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Published March 12, 2013, 03:26 PM

Whole Foods will label GMOs

Whole Foods Market, the grocery chain, on March 8 became the first retailer in the United States to require labeling of all genetically modified foods sold in its stores, a move that some experts said could radically alter the food industry.

By: Stephanie Strom , New York Times New Service

Whole Foods Market, the grocery chain, on March 8 became the first retailer in the United States to require labeling of all genetically modified foods sold in its stores, a move that some experts said could radically alter the food industry.

A.C. Gallo, president of Whole Foods, says the new labeling requirement, to be in place within five years, came in response to consumer demand. “We’ve seen how our customers have responded to the products we do have labeled,” Gallo said. “Some of our manufacturers say they’ve seen a 15 percent increase in sales of products they have labeled.”

Genetically modified ingredients are deeply embedded in the global food supply, having proliferated since the 1990s. Most of the corn and soybeans grown in the United States, for example, have been genetically modified. The alterations make soybeans resistant to a herbicide used in weed control and cause the corn to produce its own insecticide. Efforts are under way to produce a genetically altered apple that will spoil less quickly and genetically altered salmon that will grow faster.

The announcement by Whole Foods ricocheted around the food industry and excited proponents of labeling. “Fantastic,” says Mark Kastel, co-director of the Cornucopia Institute, an organic advocacy group that favors labeling.

The Grocery Manufacturers Association, the trade group that represents major food companies and retailers, issued a statement opposing the move. “These labels could mislead consumers into believing that these food products are somehow different or present a special risk or a potential risk,” says Louis Finkel, the organization’s executive director of government affairs.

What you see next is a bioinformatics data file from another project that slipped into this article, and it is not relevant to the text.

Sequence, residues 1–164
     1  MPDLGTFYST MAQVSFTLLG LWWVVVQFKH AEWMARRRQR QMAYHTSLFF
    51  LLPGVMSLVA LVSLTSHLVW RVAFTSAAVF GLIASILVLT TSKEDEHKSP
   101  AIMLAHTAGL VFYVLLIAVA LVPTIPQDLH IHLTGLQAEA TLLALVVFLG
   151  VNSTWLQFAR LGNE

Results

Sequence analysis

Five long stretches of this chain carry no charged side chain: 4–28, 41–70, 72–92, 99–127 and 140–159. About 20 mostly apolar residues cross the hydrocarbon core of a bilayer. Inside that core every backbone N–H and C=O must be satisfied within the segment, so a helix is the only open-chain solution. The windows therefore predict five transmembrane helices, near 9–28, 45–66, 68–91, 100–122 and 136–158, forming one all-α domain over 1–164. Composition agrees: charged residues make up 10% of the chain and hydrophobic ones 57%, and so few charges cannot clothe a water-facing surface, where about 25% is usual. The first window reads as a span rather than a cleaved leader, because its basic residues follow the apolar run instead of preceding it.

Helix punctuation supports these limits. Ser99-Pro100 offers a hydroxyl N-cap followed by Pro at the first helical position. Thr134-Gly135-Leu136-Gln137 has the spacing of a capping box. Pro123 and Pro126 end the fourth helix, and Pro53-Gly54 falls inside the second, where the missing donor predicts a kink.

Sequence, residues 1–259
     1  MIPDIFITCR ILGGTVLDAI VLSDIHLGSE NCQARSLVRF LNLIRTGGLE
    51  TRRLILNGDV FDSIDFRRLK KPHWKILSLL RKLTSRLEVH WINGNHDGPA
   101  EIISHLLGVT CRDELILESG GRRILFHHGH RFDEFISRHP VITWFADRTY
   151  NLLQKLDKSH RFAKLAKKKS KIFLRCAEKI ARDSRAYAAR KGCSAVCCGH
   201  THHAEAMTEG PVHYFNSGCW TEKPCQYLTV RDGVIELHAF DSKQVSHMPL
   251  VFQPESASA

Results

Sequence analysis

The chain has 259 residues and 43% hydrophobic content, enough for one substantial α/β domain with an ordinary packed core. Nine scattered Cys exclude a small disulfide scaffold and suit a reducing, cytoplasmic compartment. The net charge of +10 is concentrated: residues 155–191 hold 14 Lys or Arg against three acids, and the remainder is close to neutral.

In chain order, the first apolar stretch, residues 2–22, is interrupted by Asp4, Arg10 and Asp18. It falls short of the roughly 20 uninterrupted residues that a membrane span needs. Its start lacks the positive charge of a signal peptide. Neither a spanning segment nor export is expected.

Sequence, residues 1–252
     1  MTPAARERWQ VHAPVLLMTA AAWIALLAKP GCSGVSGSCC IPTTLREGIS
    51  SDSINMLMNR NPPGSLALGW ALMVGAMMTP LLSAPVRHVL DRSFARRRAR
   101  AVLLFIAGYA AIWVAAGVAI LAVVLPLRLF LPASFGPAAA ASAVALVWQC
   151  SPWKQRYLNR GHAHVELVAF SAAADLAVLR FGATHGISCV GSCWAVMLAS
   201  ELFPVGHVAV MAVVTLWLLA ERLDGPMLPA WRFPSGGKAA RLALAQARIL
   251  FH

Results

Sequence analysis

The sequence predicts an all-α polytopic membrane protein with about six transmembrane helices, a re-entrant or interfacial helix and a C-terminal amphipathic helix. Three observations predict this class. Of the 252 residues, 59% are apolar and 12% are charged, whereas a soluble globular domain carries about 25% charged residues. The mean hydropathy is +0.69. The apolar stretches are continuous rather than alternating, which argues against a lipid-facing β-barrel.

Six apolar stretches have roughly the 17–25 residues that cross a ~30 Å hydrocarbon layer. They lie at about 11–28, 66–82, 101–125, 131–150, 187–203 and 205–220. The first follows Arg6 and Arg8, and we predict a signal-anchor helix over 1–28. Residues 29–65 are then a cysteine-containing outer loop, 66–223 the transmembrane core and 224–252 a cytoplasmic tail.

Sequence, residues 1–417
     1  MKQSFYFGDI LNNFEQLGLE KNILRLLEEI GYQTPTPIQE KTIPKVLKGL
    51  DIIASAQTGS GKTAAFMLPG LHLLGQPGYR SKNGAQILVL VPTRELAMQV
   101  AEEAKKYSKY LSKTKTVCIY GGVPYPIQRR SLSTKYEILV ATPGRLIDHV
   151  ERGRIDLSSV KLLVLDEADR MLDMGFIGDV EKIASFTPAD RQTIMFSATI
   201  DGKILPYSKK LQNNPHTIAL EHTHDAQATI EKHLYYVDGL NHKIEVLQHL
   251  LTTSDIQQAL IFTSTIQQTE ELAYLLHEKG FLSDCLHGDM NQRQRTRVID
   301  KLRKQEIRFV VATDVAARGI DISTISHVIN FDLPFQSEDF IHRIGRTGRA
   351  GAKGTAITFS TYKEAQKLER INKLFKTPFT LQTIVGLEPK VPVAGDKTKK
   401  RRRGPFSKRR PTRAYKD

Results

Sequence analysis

Finkel notes that the Food and Drug Administration, as well as regulatory and scientific bodies including the World Health Organization and the American Medical Association, had deemed genetically modified products safe.

Proponents of labeling insist that consumers have a right to know about the ingredients in the food they eat, and they contend that some studies in rats show that bioengineered food can be harmful.

Gary Hirshberg, chairman of Just Label It, a campaign for a federal requirement to label foods containing genetically modified ingredients, called the Whole Foods decision a “game changer.”

“We’ve had some pretty big developments in labeling this year,” Hirshberg says, adding that 22 states now have some sort of pending labeling legislation. “Now, one of the fastest-growing, most successful retailers in the country is throwing down the gauntlet.”

He compares the potential impact of the Whole Foods announcement to Wal-Mart’s decision several years ago to stop selling milk from cows treated with growth hormone. Today, only a small number of milk cows are injected with the hormone.

What it could mean

Karen Batra, a spokeswoman for BIO, a trade group representing the biotech industry, says it was too early to determine what impact, if any, the Whole Foods decision would have. “It looks like they want to expand their inventory of certified organic and non-GMO lines,” Batra says. “The industry has always supported the voluntary labeling of food for marketing reasons.”

She contends, however, that without scientific evidence showing that genetically modified foods caused health or safety issues, labeling was unnecessary.

Nonetheless, companies have shown a growing willingness to consider labeling. Some 20 major food companies, as well as Wal-Mart, met recently in Washington to discuss genetically modified labeling.

Buoyed by what they see as some momentum in the labeling war, consumers, organic farmers and food activists plan to hold an “eat-in” outside the FDA’s offices next month to protest government policies on genetically modified crops and foods. Whole Foods, which specializes in organic products, tends to be favored by those types of consumers, and it enjoys strong sales of its private-label products, whose composition it controls. The company thus risks less than some more traditional food retailers in taking a stance on labeling.

In 2009, Whole Foods began submitting products in its 365 Everyday Value private-label line to verification by the Non GMO Project.

Even Whole Foods has not been immune to criticism on the GMO front, however. A report by Cornucopia, “Cereal Crimes,” revealed that its 365 Corn Flakes line contained genetically modified corn. By the time the report came out in October 2011, the product had been reformulated and certified as organic.

Today, Whole Foods’ shelves carry some 3,300 private-label and branded products that are certified, the largest selection of any grocery chain in the country.

Gallo says Whole Foods did not consult with its suppliers about its decision and informed them of it only shortly before making its announcement March 8. He says Whole Foods looked forward to working with suppliers on the labeling.

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